The Integration of Church and School

The impact of educational choices on the life and witness of the local church

“A lot of people see us as a home-school church.”

I was surprised when one of our leaders said that just a few weeks after our family came to Atlantic (Iowa) EFC. That label had not occurred to me during the call process. Yes, I had noticed that a handful of families were committed to home-schooling. But I had also noticed that most of our families attended public schools, and that our congregation included several public-school teachers and administrators.

Yet, over the next several months, I found that my friend had a point. At least some people, both inside and outside our congregation, did in fact think of our church as a “home-school church”—a reputation that was viewed positively by some in our community, but negatively by others.

While home-schoolers are still a minority in the United States (approximately 3.4 percent of school-aged children are educated at home1), the movement has grown steadily. And a majority of those who home school do so for moral and religious reasons. For example, in one 2012 study,2 64 percent of home-school parents said that a desire to provide religious instruction to their children was an important reason for their choice. In that same study, 77 percent said that a desire to provide moral education was an important reason.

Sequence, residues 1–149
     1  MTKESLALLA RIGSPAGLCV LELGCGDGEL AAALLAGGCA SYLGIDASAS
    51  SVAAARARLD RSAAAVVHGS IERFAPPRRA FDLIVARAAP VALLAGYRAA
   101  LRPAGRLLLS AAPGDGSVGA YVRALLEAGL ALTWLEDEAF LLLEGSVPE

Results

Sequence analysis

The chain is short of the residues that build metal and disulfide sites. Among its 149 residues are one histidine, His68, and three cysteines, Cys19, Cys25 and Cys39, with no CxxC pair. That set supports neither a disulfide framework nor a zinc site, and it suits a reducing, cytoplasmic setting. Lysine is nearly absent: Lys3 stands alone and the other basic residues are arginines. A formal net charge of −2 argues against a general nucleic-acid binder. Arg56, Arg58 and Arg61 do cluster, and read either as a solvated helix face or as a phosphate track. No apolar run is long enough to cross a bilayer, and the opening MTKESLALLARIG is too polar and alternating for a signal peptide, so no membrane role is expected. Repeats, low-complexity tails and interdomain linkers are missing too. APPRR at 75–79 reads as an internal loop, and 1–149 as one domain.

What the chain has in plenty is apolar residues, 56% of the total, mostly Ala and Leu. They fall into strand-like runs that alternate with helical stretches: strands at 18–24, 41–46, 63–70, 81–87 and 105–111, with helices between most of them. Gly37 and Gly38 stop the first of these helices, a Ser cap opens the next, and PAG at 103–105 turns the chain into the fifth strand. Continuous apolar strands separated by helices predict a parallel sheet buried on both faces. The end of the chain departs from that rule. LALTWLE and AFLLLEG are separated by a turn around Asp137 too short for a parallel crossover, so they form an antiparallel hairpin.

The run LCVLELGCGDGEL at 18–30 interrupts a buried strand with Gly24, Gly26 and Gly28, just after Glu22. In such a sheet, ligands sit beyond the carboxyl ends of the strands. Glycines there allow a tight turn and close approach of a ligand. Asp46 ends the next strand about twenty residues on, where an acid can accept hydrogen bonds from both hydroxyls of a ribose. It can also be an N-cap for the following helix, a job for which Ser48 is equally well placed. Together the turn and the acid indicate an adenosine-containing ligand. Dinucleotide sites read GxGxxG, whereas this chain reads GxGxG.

While Muslims and Jews account for a portion of this population, the majority of values-based home-schoolers are coming from a conservative Christian perspective.3

It is therefore not at all unusual for an evangelical church to have public-school families, home-school families and private-school families all worshipping and serving together in the same congregation. This educational diversity can, of course, be a strength. But at the same time, it can create two problems that church leaders need to guard against.


The first problem is the danger of disunity within the church. Most parents are passionate about their children’s education, whichever option they pursue. If we’re not careful to guard our hearts and words, that passion can easily degenerate into criticism and judgmentalism. As I spoke about this potential danger with pastors in my community and other EFCA pastors, two steps stood out:

First, lead from the pulpit. The attitude of a church’s pastor may well be the single biggest influence on the atmosphere within that church.True, pastors and leaders who home school their own children tend to attract families who also home school. Yet if parents are publicly supported in whichever option they pursue, the church will enjoy unity in the midst of diversity.

“From the pulpit, I never favor or endorse any of those [educational] options,” confirms Scott Hatton, senior pastor of First EFC of Fort Dodge, Iowa. “Partially because our family has utilized all three.”

Mike Eells, a TEDS graduate and pastor of the Atlantic Gospel Chapel, recently preached a whole sermon series on unity in which he stressed the distinction between essentials and nonessentials. In that series, he intentionally addressed educational diversity as one of those issues where believers should agree to disagree.

Second, be balanced. Church leaders must intentionally treat the different educational options with evenhandedness and respect. Whether it’s back-to-school time or graduation season, promote unity by simply acknowledging the variety of options.

“We intentionally celebrate all three approaches,” says Dave MacKinnon, senior pastor of Westchester EFC in Des Moines, Iowa. “It does get complicated at times, because [different groups] can become quite passionate about what they do. But for the most part we have found a sweet place of peace between them all.”